Monday, August 10, 2009

Funny Ladies

A few months ago, in a (kind of halfhearted) bid to expand my mystery reading repertoire, I discovered a new author by the name of Cornelia Read. I have no recollection of where her name came from; probably Entertainment Weekly. In any case, I picked up her second book, The Crazy School.

It was a Sunday afternoon, I’d had my fill of pancakes and wanted to read for an hour or so before tackling some always fun MLIS homework. Best laid plans and all that… I found Read’s writing so entertaining and the story so compelling that I ignored everything else and spent the afternoon on the couch, racing through the book from start to finish.

The basic premise is that ‘reformed’ debutante, Madeline Dare and her husband have very recently relocated to the Berkshires, where Maddie has taken a job as a teacher at a boarding school for troubled teens. The fact that she has experience with neither teaching nor dysfunctional youth is a bit of a stressor, but she’s so happy to get the heck out of Dodge (well, Syracuse), that she’s willing to suck it up (so long as she can somehow enjoy her school-forbidden addictions to caffeine and nicotine). Of course, this is a mystery novel so Maddie’s uneasy feelings about some members of the teaching staff, the students, and the atmosphere of the school are soon validated by a couple of suspicious deaths that she refuses to believe are suicides, as the official line goes.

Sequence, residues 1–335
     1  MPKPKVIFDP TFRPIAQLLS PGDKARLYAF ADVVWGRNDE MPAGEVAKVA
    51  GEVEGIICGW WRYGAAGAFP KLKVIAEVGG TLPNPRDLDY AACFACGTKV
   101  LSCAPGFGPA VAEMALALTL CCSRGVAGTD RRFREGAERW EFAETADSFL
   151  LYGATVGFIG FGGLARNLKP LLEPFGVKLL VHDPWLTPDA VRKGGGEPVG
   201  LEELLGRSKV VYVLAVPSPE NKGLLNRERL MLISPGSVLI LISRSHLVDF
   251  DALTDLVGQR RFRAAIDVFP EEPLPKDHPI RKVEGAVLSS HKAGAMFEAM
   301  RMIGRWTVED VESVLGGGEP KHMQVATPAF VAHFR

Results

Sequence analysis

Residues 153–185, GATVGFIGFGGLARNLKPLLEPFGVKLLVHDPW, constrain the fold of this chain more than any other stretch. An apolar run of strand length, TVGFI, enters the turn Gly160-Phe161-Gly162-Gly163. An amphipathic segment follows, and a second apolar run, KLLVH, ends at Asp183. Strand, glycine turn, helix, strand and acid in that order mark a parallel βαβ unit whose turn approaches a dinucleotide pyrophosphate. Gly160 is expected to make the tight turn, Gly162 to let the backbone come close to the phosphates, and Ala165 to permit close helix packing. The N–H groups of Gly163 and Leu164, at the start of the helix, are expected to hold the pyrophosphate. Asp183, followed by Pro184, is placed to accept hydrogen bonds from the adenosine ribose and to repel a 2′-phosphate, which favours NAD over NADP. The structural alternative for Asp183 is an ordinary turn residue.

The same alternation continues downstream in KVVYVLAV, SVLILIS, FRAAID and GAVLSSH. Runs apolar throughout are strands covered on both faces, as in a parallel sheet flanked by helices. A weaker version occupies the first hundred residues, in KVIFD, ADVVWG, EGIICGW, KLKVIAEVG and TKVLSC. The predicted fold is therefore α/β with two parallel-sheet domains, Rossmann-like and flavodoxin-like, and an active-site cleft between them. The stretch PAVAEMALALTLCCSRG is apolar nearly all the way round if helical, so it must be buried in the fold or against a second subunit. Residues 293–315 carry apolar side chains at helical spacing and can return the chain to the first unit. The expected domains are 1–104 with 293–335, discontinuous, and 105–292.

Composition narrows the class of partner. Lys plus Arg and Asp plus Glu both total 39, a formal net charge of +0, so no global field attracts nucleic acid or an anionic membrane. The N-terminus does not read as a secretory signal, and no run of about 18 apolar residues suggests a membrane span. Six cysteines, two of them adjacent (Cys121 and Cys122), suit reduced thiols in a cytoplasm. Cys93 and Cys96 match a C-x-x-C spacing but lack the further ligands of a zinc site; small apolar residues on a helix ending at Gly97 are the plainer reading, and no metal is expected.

The mystery is twisty and turny, but the best part of the book is Madeline, her sense of humour and the way in which she interacts with other characters. She reminds me very much of Janet Evanovich’s star character, Stephanie Plum, the bounty hunter. Both are just a little bit crazy with an utterly charming balance of cautious self assurance (is that an oxymoron?) and talent for making really crappy decisions! Both stumble into situations that may be just a bit beyond their ken, but you root for them because they want so badly to do well and look good doing it.

Both Maddie and Stephanie remind me of Lisa Lutz’s heroine, Isobel Spellman (all of these books are told in first person narrative, and it’s their voices that make the stories so appealing). In the Spellman Trilogy (The Spellman Files, Curse of the Spellmans, Revenge of the Spellmans), Izzy is a Private Investigator in a family of PIs who routinely tail, bug, and blackmail each other … in the most loving way. There are mysteries to be solved, but they’re secondary to the hilarity of Izzy’s life.

I’m not sure I’d want to be friends with Maddie, Stephanie, or Izzy, but life would definitely be way more interesting!

1 comment:

  1. I think you're refering to behavioral game theory here. Advanced - classic - game theory still makes all those assumptions. From Boarding Schools Troubled Teens